Eastern European horror cinema has always been characterized by grim, bleak aesthetic, and brutal violence. Horror films from Russia specifically hold a penchant for dreary visuals and the supernatural. THE SOUL CONDUCTOR, the latest film from Russian filmmaker Ilya Maksimov, is no exception and manages to blend the genres of mystery, thriller, and horror together with mixed results. Part crime thriller, part supernatural horror, the story uses familiar plot devices in a fresh way to tell its chilling tale. Ambitious to a fault, and bold in both its cinematography and performances, SOUL CONDUCTOR is an entertaining thriller that manages to deliver enough chills and thrills to keep your attention for its full runtime. 

The story revolves around a young woman named Katia (Aleksandra Bortich) who has the ability to hear and see ghosts. Unlike the foreboding spirits of similar films like The Sixth Sense, the spirits Katia encounters are often vocal personalities, who directly ask for Katia’s assistance in matters they were unable to conclude while alive. These ghosts aren’t all scary, some of them are even funny, which provides for some interesting supernatural scenes the likes of which are rarely shown. Once Katia’s powers are established, the film sets up the central mystery that will haunt Katia for the remainder of the film: the disappearance of her twin sister—her only surviving immediate family. Katia is forced to play detective as she decodes abstract visions and apparitions to find her lost sister. Throw a murdering psychopath plot into the mix and you’ve got yourself a rollicking good time.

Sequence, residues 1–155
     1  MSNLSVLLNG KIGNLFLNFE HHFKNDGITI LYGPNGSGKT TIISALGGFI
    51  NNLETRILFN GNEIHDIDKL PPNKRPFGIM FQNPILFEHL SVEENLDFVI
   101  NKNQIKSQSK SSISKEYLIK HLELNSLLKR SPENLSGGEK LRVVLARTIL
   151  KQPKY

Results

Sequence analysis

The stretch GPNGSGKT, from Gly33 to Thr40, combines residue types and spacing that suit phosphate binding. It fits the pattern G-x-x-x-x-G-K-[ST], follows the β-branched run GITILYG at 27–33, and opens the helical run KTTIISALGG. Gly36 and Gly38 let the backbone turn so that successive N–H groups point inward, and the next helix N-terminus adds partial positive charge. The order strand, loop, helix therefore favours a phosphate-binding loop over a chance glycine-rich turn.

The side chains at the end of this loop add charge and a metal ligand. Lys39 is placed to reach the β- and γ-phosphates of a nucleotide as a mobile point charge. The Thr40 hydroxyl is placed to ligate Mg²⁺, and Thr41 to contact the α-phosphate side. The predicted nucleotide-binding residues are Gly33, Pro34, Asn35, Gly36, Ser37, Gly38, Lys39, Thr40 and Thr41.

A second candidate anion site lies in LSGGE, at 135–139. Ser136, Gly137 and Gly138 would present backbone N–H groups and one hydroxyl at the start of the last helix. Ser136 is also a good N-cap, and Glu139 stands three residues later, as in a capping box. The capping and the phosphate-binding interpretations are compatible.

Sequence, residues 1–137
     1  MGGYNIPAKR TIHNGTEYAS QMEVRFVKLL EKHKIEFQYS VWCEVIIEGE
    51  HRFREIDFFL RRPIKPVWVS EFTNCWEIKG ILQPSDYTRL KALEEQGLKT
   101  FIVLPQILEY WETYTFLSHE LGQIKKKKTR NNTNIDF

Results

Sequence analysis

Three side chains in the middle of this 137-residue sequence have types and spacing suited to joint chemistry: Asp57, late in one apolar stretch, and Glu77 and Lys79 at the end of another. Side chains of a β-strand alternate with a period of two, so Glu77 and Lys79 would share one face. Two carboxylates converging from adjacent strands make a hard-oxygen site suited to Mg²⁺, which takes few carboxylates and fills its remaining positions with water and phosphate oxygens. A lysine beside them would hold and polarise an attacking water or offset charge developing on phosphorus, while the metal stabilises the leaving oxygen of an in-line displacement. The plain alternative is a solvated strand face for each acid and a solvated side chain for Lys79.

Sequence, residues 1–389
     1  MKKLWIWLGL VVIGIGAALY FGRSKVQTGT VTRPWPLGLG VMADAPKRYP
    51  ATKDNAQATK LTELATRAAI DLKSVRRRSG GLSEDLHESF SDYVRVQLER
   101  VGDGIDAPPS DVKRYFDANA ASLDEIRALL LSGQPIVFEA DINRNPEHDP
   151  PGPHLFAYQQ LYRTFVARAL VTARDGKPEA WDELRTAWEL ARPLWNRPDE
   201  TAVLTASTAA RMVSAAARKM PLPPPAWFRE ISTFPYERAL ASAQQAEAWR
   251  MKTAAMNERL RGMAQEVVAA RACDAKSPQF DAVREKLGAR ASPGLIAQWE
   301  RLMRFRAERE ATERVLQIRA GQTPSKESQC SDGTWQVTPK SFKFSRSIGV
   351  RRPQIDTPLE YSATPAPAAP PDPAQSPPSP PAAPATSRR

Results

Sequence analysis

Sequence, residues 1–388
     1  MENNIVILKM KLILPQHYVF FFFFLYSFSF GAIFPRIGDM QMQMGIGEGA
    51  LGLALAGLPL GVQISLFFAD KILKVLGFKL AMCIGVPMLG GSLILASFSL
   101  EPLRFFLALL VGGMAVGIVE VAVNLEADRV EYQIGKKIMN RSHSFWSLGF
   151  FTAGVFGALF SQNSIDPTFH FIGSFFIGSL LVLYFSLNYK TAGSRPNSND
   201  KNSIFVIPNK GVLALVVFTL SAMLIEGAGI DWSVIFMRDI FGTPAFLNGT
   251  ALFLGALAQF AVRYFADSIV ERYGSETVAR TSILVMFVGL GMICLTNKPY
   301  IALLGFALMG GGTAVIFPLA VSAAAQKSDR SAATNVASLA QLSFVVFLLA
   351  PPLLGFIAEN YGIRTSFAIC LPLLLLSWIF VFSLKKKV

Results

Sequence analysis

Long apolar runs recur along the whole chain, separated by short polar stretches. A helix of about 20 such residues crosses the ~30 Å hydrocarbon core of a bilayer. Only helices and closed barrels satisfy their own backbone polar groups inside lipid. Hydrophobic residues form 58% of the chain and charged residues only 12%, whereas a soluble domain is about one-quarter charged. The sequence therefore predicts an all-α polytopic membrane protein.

The visual elements of the film are often the most gripping—with sleek cinematography and haunting, other-worldly imagery. The film’s most dramatic moment comes at its start, as Katia witnesses a strange ritual of sorts take place as a little girl. A man douses a seemingly abandoned house with gasoline and proceeds to comfort a young boy at his side before hoisting a gun to his head and pulling the trigger. Katia watches as the young boy is consumed by a strange supernatural force. SOUL CONDUCTOR is full of eerie happenings such as this, and these trippy moments are the highlights of the entire movie. There are plenty of other noteworthy elements, however. Maksimov’s directing is undeniably singular, and a riveting performance is drawn from Aleksandra Bortich as the booze-soaked, tragic heroine. Katia is a charismatic protagonist, who captures the same energy and spirit of classic noir icons. The supporting cast is equally convincing, and the score is drenched with the same moody aura as the picture. 

The film does struggle in some departments, unfortunately. By the film’s third act, the story becomes a bit convoluted and difficult to keep up with. There’s a lot of information thrown at you quickly, and if you’re not paying close attention, crucial details can easily go unnoticed. While the story is certainly compelling and entertaining, it struggles in some places to remain fresh and energetic. While the visuals certainly manage to carry the film across its finish line, the twisted plot stops the film from being a genre masterpiece. The movie’s scares are less jumpy, which is appreciated and rely more on the environments of the set pieces, and overall atmosphere. While it won’t give you the same frightening experience as The Conjuring or Insidious, SOUL CONDUCTOR steeps its frights in real emotions and depth. In spite of its minor issues, the film has a lot to say about the living and the dead—grief, and how to live with it. Genre films with such emotional commentary are a rare breed, and this combined with powerful surrealistic imagery make THE SOUL CONDUCTOR worth your time. 

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